There is no doubt about the fact feral hog populations are growing rapidly across the U.S. Based on the number of questions I get while speaking at a deer hunting seminars feral hogs are now found on many hunting clubs and farmlands throughout the country. While wild hogs can be a fun critter to hunt, there are some cautions that need to be understood.

First, feral hogs are opportunists and will eat just about anything. They are extremely competitive with game animals. If deer, wild turkey, quail, rabbits, etc. are the animals you want to have on your property then hogs are not what you want.

Second, feral hogs can carry diseases that can be transmitted to man. This report comes to us from the University of North Carolina Cooperative Extension Service and emphasizes the need to wear latex gloves when dressing wild hogs.

A 27 year old hunter field-dressed and quartered several whitetail deer and feral hogs after a successful hunt at his deer camp. He was unaware that a wild hog he was cleaning was infected with a bacteria that causes Brucellosis, and that he could contract this and other diseases simply by touching the contaminated meat. Since he was not wearing latex gloves, a nick or briar scratch on his hands or arms would provide enough of a cut for infection to result.

Brucellosis, commonly known as "Undulant Fever" in humans, can be transmitted from animals to man by handling infected animals or by drinking contaminated, unpasteurized milk. Brucellosis is now rare among farm animals, although livestock veterinarians continue to wear gloves and take precautions.

The incubation period for Brucellosis varies but averages 2 weeks in man. Early signs are chills, fever, headache, malaise, neck and back pain, diarrhea, and muscle aches. These symptoms, particularly fever, will fluctuate for weeks. The victim will seem to get well only to have the symptoms recur, in many cases, frequently. Brucellosis is rarely fatal in humans, but serious complications can lead to meningitis, encephalitis, liver disease, and spinal cord damage.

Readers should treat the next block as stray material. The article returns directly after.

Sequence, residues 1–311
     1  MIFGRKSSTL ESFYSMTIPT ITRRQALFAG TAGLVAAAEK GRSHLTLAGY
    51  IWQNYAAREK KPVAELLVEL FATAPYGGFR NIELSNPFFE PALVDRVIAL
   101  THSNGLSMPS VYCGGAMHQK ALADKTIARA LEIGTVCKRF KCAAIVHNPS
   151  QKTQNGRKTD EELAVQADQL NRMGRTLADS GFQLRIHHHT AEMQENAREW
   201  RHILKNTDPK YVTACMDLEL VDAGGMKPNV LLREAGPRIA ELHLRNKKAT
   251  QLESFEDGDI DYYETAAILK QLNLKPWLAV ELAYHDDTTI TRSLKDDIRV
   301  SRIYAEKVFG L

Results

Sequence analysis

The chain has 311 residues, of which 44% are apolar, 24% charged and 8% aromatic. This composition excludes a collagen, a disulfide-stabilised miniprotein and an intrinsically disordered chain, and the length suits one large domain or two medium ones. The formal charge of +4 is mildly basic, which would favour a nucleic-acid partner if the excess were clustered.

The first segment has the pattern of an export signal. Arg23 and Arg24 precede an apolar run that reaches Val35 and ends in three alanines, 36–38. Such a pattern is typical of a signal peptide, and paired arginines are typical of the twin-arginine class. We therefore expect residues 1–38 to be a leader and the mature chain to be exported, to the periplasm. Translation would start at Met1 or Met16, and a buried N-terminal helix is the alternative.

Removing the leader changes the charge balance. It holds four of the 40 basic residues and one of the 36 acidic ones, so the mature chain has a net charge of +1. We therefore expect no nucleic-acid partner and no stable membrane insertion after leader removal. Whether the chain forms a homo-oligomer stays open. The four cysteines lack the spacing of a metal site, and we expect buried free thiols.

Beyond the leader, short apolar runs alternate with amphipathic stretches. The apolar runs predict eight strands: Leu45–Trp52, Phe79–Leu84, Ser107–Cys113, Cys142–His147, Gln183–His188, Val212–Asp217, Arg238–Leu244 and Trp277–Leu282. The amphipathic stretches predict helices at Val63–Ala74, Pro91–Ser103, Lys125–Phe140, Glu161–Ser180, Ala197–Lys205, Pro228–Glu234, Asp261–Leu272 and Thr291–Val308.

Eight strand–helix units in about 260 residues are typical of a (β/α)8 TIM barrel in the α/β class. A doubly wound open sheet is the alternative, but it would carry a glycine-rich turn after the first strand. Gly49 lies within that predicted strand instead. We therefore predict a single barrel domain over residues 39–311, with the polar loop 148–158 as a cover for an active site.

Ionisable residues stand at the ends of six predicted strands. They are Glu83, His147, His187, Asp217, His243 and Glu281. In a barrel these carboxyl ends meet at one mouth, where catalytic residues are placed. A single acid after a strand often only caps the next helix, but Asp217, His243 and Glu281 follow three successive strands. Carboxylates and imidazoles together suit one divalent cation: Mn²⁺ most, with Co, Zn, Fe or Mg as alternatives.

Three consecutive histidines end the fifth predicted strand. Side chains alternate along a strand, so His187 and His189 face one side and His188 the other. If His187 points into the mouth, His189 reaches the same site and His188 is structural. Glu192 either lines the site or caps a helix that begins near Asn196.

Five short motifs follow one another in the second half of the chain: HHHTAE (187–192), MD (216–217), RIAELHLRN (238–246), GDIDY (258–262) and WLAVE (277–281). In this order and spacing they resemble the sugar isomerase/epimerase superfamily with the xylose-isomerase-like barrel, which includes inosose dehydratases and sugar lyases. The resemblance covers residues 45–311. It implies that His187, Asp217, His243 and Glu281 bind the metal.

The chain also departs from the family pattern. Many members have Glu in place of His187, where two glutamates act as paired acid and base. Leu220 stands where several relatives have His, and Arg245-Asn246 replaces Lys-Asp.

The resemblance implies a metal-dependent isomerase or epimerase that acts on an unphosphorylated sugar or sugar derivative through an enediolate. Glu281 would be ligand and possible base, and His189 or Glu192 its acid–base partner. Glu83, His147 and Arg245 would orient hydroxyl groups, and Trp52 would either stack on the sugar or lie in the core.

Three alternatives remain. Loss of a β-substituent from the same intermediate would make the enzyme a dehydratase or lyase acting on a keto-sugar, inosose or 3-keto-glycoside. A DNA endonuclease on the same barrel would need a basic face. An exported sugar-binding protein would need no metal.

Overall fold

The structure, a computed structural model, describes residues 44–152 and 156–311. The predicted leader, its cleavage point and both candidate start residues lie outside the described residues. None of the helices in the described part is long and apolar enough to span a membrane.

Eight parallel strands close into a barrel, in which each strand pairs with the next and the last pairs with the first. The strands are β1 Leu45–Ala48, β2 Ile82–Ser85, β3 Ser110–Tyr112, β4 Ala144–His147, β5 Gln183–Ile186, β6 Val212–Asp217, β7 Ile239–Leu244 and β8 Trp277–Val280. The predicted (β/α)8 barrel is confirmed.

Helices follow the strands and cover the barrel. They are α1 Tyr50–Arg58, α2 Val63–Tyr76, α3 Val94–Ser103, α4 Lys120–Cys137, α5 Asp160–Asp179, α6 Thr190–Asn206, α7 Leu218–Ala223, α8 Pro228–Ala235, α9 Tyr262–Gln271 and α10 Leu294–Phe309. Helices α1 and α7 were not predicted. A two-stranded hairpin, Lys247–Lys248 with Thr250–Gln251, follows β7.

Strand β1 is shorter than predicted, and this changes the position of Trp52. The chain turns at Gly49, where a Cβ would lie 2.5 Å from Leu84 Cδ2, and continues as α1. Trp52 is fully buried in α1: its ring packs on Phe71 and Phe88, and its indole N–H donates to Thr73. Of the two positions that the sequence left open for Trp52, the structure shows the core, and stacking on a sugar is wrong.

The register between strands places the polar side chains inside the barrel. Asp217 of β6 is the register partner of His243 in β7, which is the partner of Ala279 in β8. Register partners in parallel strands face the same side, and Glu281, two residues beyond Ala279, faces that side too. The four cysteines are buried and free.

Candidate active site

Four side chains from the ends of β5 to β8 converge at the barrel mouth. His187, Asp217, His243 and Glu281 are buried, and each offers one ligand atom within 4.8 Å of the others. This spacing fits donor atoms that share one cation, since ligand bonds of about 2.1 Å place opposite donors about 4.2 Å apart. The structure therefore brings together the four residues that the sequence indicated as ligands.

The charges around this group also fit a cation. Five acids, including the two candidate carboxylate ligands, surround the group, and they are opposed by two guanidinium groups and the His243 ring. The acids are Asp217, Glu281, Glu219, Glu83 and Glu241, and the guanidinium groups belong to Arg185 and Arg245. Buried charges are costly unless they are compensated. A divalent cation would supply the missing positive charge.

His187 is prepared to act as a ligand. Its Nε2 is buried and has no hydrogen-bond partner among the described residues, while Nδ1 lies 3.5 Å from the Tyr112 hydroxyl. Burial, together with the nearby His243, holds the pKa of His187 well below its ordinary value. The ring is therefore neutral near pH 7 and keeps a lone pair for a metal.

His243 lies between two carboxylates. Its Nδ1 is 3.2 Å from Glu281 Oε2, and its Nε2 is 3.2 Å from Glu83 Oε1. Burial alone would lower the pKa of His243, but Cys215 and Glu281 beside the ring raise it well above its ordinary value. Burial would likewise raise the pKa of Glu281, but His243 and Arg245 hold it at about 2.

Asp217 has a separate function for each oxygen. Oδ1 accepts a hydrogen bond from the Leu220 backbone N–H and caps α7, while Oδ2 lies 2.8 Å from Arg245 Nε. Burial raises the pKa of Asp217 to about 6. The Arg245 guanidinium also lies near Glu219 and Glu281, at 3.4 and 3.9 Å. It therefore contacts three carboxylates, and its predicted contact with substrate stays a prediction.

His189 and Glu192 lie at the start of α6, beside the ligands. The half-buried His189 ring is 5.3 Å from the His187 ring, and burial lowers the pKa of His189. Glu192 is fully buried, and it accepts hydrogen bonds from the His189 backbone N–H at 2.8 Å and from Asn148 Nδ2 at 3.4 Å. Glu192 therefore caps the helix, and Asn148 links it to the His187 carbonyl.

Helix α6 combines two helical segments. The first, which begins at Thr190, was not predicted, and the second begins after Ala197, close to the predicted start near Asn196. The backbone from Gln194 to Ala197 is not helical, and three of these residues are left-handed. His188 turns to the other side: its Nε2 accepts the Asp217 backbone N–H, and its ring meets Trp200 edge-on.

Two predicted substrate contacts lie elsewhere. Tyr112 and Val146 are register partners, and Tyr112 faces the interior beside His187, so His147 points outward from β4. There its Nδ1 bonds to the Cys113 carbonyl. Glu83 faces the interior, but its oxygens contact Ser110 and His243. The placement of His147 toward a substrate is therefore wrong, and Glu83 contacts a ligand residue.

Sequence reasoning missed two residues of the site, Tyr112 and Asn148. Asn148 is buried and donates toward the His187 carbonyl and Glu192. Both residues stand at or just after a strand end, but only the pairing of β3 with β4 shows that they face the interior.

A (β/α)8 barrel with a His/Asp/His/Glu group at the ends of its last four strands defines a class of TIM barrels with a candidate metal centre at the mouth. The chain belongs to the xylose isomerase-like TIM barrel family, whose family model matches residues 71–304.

At first, the afflicted hunter complained of back pain and his physician, believing that he had pulled a muscle, prescribed pain killers. When this medication was ineffective, the hunter was admitted to the hospital for tests. Because bovine brucellosis has been nearly eradicated in the U.S. and its symptoms often mimic common diseases, the real cause of his ailment was not initially detected. The numbness and tingling in his legs and back became more and more pronounced. After several days of tests, the patient was walking across his hospital room when he collapsed to the floor. An MRI revealed a mass the size of a grapefruit growing from his spinal column and pressing into his lungs. After hours of surgery, doctors were able to remove the mass. Cultures taken from it finally identified the cause of his disease. Fortunately, the hunter recovered fully and was able to return to work.

Always wear latex gloves while cleaning and dressing wild game. When finished, scrub your hands and arms carefully with antibacterial soap to kill any lingering bacteria. Thoroughly cook all meat – from wild game and domestic livestock – before eating